bulletTo many very liberal, progressive, and post Christians, the question is definitely worth studying.

If one places the four Gospels in chronological order (Mark, circa 79 CE) Matthew, Luke, John circa 100 CE) and read them with no preconceived beliefs about the nature of Jesus, it is obvious to many persons that the story of Jesus evolved from that of an itinerant teacher-healer to a man-god.

Many non-Christian religions -- Pagan and others -- permeated the Mediterranean region during the 1st century CE. There were numerous male heroes, saviors and god-men within Egyptian, Greek, Roman, Hindu, and other pantheons of Gods whose lives had many points of similarities to Jesus. Of these, the Egyptian God Horus probably had life events attributed to him which were closest match to those of Jesus. Yet, Horus was worshipped in Egypt thousands of years before the first century CE when Jesus is believed to have been conducting his ministry in Palestine.

In order to compete with those religions, early Christianity had no choice but to  describe Jesus in terms that matched or surpassed the competing local religious myths, stories and legends. The authors of the gospels may well have picked up themes from other sources and added them to their writings in order to make Christianity more credible to a largely Greek/Pagan world.

By peeling away such foreign material, historians believe that they might be able to get a clearer picture of what Jesus taught and how he lived. By stripping away these accretions that have become attached to the life, story and teachings of Jesus, they might get closer to the historical Jesus. They can better understand his mission, and learn from his teachings.

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In short, each group sincerely and thoughtfully believe that the other group has a distorted picture of the historical Jesus:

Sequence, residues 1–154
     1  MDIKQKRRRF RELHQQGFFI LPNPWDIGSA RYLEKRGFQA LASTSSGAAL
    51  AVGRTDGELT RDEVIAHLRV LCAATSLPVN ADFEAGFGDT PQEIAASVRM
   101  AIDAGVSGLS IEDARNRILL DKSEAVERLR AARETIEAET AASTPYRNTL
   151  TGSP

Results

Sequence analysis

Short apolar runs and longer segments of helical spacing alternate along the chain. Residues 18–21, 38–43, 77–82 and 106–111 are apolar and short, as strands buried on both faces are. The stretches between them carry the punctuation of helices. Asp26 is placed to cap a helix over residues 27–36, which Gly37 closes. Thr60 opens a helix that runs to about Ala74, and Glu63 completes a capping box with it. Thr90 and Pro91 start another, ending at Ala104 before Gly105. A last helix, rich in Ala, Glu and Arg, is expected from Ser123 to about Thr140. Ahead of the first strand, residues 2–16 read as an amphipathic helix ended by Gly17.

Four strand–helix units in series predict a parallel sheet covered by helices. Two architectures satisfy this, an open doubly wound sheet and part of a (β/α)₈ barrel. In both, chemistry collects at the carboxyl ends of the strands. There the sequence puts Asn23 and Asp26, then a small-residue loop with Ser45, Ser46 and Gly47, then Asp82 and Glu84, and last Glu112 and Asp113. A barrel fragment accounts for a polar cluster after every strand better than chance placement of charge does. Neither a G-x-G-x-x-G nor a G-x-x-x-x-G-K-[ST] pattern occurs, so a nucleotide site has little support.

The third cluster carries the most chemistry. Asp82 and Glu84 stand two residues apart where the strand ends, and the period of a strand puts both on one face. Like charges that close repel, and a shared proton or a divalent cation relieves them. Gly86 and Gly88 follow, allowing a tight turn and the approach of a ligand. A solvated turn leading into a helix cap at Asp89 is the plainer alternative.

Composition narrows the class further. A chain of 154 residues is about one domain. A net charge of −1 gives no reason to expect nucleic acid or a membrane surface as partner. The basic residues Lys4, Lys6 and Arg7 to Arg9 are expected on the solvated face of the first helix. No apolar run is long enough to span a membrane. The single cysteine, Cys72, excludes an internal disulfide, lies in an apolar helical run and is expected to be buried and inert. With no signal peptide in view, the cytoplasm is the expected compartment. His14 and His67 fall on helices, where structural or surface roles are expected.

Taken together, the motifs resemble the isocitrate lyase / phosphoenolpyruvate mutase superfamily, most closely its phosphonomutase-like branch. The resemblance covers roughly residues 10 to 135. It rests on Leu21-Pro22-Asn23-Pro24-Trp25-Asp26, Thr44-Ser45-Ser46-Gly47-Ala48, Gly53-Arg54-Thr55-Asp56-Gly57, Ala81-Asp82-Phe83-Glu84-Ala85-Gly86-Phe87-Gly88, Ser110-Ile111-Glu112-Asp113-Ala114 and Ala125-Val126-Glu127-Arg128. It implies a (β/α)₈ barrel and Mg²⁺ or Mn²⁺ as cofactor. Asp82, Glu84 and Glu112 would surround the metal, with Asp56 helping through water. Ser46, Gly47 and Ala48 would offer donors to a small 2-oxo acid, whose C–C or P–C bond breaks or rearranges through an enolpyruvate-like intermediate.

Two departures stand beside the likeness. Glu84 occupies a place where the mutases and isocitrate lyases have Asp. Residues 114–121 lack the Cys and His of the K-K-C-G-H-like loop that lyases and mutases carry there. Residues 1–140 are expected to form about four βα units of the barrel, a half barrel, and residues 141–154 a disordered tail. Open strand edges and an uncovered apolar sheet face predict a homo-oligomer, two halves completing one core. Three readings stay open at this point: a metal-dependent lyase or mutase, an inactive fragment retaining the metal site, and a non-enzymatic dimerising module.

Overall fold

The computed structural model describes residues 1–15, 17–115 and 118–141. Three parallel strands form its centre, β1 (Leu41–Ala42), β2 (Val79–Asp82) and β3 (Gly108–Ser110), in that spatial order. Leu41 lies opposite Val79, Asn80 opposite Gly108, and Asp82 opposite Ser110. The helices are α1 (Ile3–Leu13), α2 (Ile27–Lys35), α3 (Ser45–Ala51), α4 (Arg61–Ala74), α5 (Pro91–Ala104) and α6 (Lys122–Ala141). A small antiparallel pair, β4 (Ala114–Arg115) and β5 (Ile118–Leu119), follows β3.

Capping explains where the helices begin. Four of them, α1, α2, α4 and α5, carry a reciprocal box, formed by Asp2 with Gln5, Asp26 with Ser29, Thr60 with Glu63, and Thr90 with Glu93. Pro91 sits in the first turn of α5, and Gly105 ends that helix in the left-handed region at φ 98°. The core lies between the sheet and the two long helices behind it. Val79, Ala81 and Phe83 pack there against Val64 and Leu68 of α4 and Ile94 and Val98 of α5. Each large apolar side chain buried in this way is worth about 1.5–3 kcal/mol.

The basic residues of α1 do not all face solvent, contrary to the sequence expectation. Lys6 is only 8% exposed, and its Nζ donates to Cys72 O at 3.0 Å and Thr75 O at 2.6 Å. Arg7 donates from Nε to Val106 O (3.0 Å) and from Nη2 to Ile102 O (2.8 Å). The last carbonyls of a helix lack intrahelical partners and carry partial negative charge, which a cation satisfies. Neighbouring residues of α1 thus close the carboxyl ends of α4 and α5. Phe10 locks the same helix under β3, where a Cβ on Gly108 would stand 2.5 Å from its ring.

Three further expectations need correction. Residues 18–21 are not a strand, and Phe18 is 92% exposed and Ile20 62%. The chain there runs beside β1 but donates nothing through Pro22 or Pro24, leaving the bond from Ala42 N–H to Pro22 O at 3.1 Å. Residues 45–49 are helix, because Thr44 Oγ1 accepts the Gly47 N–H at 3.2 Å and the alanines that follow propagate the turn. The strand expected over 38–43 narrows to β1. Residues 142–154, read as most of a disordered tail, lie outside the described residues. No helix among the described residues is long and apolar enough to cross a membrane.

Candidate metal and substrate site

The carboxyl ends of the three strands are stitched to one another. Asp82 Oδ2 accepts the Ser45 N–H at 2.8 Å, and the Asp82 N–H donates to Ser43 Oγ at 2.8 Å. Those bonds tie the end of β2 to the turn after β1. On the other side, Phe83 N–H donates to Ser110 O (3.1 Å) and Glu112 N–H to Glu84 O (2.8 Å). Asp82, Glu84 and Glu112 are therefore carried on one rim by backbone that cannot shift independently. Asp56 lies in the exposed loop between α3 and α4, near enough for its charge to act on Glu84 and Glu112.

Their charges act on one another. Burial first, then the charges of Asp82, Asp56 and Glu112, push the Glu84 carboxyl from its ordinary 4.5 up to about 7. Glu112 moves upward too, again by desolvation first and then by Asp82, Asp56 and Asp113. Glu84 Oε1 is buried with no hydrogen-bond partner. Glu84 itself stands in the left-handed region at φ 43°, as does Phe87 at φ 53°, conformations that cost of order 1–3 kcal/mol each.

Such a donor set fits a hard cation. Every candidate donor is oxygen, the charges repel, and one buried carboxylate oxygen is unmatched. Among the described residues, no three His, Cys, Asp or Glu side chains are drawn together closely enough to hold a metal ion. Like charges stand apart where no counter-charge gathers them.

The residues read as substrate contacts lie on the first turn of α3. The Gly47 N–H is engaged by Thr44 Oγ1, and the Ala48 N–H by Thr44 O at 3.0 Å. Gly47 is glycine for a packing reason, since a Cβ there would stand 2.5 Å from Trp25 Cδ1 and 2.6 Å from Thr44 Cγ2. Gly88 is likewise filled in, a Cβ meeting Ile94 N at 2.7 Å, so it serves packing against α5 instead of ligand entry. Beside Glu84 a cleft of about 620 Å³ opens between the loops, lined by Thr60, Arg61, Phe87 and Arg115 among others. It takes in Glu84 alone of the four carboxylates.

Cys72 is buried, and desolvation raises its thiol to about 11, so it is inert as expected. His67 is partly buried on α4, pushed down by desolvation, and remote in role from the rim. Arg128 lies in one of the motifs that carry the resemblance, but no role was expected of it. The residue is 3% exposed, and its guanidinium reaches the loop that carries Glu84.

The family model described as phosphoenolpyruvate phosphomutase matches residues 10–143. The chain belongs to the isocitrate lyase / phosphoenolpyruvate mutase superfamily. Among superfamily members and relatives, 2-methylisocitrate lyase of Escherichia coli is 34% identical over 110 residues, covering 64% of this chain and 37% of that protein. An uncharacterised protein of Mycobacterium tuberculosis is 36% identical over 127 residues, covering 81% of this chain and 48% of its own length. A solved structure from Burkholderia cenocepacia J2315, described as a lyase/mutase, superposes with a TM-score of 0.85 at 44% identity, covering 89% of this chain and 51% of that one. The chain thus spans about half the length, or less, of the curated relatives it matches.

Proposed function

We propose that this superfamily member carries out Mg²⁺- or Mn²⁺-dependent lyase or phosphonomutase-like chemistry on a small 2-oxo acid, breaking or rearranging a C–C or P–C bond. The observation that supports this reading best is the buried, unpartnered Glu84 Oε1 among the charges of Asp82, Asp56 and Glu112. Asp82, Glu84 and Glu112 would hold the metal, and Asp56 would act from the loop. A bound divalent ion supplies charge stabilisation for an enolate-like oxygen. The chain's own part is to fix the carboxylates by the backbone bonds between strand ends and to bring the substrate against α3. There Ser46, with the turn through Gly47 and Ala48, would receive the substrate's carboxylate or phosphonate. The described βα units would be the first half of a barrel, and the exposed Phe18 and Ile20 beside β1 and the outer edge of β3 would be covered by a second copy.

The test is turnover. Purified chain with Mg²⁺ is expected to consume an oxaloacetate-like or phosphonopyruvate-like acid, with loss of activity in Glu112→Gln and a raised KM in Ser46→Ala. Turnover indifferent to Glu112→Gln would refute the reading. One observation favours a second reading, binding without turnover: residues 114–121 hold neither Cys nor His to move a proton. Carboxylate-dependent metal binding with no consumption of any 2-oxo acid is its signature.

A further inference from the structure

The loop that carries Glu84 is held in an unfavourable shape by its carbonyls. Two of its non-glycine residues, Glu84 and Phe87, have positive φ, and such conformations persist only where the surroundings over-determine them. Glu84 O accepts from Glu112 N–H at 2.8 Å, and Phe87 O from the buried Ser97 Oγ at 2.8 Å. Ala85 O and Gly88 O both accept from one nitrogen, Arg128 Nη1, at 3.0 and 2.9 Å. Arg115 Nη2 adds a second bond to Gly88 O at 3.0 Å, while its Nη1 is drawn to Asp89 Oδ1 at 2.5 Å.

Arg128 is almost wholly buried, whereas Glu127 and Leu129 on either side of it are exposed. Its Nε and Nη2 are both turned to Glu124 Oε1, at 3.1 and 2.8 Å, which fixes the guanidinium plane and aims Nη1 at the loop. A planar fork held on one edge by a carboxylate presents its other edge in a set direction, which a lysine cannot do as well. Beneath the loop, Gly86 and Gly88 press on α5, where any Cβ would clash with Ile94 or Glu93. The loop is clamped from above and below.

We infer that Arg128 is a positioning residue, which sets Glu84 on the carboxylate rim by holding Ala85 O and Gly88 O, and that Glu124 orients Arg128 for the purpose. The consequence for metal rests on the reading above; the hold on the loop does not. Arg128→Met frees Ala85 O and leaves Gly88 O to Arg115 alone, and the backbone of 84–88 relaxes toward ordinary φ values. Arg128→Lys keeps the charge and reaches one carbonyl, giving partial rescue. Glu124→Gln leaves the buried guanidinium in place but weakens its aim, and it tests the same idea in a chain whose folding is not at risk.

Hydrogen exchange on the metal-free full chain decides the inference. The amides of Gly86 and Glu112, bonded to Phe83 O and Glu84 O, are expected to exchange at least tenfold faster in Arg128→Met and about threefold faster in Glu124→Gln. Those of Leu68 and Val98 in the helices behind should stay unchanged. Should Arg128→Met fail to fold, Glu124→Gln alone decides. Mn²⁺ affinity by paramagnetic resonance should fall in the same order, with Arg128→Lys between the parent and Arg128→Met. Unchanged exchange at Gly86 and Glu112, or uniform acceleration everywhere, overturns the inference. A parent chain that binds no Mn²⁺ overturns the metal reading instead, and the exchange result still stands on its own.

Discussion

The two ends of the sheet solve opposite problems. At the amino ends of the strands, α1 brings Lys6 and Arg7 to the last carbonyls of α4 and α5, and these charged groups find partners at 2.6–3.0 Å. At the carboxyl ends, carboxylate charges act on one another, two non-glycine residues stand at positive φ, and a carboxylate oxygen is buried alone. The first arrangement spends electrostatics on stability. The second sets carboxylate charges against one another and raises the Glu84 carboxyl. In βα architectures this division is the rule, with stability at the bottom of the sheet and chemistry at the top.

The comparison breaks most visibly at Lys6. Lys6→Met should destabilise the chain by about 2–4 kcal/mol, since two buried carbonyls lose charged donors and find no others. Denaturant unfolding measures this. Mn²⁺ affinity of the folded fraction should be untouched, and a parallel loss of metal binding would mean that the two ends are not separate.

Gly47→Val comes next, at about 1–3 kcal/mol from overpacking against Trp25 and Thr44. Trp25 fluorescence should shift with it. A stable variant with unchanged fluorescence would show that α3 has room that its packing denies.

bulletMany fundamentalist and other evangelical Christians believe that when a person is saved by repenting of their sin and trusting Jesus as Lord and savior, that the Holy Spirit enters into their body and possesses them. One result is that the Spirit guides the Christian into a proper understanding of the Bible and its inerrancy.
bulletThe Roman Catholic Church teaches that the Church is given responsibility, authority, and competence by God to interpret the Bible for its members. Their beliefs about Jesus thus cannot be in error.
bulletMany religious liberals and religious historians believe that the only way to understand the Bible is to interpret it like any other religious text. This leads to the assumptions that:
bulletThe messages of its authors evolved over time;
bulletThe morality and ethics in the Hebrew Scriptures reflect that of a bronze-age culture and are not valid today;
bulletTheir beliefs about the origin of the universe, cosmology, geology, astronomy, etc. are pre-scientific and inaccurate;
bulletMany of the heroes and events portrayed in the Bible are mythical; and
bulletSome Biblical passages are copied from or inspired by Pagan writings from adjacent cultures,